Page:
Are you saying that you are making ##\epsilon## vary spatially from top to bottom? If so, shouldn't the diffusion term be ##\frac{\partial}{\partial x}\left(\alpha \epsilon\frac{\partial T}{\partial x}\right)##?

If I take your equation and add ##\frac{\partial (\alpha \epsilon)}{dx}\frac{\partial T}{\partial x}## to both sides, I get: $$\frac{\partial T}{\partial t}+\left[V+\frac{\partial (\alpha \epsilon)}{dx}\right]\frac{dT}{dx}=\frac{\partial}{\partial x}\left(\alpha \epsilon\frac{\partial T}{\partial x}\right)$$

HumanistEngineer
Chestermiller said:
Are you saying that you are making ##\epsilon## vary spatially from top to bottom? If so, shouldn't the diffusion term be ##\frac{\partial}{\partial x}\left(\alpha \epsilon\frac{\partial T}{\partial x}\right)##?

If I take your equation and add ##\frac{\partial (\alpha \epsilon)}{dx}\frac{\partial T}{\partial x}## to both sides, I get: $$\frac{\partial T}{\partial t}+\left[V+\frac{\partial (\alpha \epsilon)}{dx}\right]\frac{dT}{dx}=\frac{\partial}{\partial x}\left(\alpha \epsilon\frac{\partial T}{\partial x}\right)$$

That's right. I shall update the solution for the diffusion term. Thanks a lot, Chestermiller.

There is a much better way of setting up the difference equation for this problem to get much better accuracy, by eliminating numerical dispersion in the solution. In an advection-diffusion problem like this, numerical dispersion (false dispersion due to the numerical scheme) is always an issue.

The CN version of this scheme is as follows:
$$\frac{T(x+\Delta x, t+\Delta t)-T(t,x)}{\Delta t}=\frac{1}{2}\left[\frac{\partial }{\partial x}\left(\alpha \epsilon\frac{\partial T}{\partial x}\right)\right]_{(x-\Delta x),t}+\frac{1}{2}\left[\frac{\partial }{\partial x}\left(\alpha \epsilon\frac{\partial T}{\partial x}\right)\right]_{x,(t+\Delta t)}$$with, specifically, ##\Delta t=\Delta x/V##

## 1. What is the 1D convection-diffusion equation and how does it relate to inlet mixing effect?

The 1D convection-diffusion equation is a mathematical model used to describe the transport of a substance in a fluid through a one-dimensional space. It combines the effects of convection (movement of the fluid) and diffusion (random movement of the substance) to determine the overall transport. Inlet mixing effect refers to the impact of introducing a substance at the inlet of the system on the overall transport.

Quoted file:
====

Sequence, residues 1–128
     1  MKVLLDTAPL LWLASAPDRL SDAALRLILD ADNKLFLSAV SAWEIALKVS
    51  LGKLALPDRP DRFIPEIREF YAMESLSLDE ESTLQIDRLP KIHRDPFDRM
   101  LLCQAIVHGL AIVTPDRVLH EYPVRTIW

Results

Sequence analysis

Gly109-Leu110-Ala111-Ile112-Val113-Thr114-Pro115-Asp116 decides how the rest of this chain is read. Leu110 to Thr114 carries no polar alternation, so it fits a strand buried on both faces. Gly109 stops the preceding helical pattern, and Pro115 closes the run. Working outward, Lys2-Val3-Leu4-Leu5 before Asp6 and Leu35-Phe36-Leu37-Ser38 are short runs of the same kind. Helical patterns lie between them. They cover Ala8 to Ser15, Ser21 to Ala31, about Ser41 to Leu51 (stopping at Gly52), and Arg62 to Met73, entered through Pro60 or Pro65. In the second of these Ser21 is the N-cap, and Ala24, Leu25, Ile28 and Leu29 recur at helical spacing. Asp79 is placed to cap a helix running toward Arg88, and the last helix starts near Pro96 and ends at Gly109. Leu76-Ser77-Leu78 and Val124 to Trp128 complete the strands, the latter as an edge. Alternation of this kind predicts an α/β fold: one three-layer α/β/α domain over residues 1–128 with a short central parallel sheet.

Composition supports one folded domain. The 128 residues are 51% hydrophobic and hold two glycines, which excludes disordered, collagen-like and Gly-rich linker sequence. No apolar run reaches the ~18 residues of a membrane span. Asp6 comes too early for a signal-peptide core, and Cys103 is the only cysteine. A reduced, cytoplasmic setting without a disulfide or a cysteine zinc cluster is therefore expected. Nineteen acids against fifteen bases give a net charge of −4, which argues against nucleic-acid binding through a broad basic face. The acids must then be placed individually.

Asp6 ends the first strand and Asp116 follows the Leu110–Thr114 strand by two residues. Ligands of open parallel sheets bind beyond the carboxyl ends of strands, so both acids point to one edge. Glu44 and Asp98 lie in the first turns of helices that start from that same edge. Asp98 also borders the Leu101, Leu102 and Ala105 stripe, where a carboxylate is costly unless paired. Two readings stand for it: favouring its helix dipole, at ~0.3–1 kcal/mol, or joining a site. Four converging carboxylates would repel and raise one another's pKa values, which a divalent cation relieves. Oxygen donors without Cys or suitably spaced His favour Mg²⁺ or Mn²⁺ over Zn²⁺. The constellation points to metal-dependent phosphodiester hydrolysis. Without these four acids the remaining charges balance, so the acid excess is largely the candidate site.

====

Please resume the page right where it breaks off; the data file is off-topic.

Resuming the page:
## 2. How is the inlet mixing effect represented in the 1D convection-diffusion equation?

The inlet mixing effect is represented in the 1D convection-diffusion equation through the use of boundary conditions. These conditions specify the concentration of the substance at the inlet, which affects the overall transport and mixing within the system. The strength of the inlet mixing effect can also be adjusted by varying the inlet velocity and diffusion coefficient in the equation.

## 3. What factors influence the inlet mixing effect in the 1D convection-diffusion equation?

The strength of the inlet mixing effect depends on several factors, including the inlet velocity and diffusion coefficient, as mentioned before. Other important factors include the geometry of the system, the concentration and properties of the substance being introduced at the inlet, and any other flow conditions that may be present (such as turbulence).

## 4. How does the inlet mixing effect impact the accuracy of the 1D convection-diffusion equation?

The inlet mixing effect can significantly impact the accuracy of the 1D convection-diffusion equation, especially in cases where the substance being introduced at the inlet has a high concentration or is highly reactive. In these situations, the inlet mixing effect can cause significant changes in the overall transport and mixing within the system, leading to deviations from the predicted results.

## 5. Are there any limitations to using the 1D convection-diffusion equation for studying inlet mixing effect?

While the 1D convection-diffusion equation is a useful tool for studying inlet mixing effect, it does have some limitations. For example, it assumes that the system is one-dimensional and that the substance being transported is well-mixed. In reality, many systems are more complex and may not meet these assumptions, which can affect the accuracy of the equation's predictions.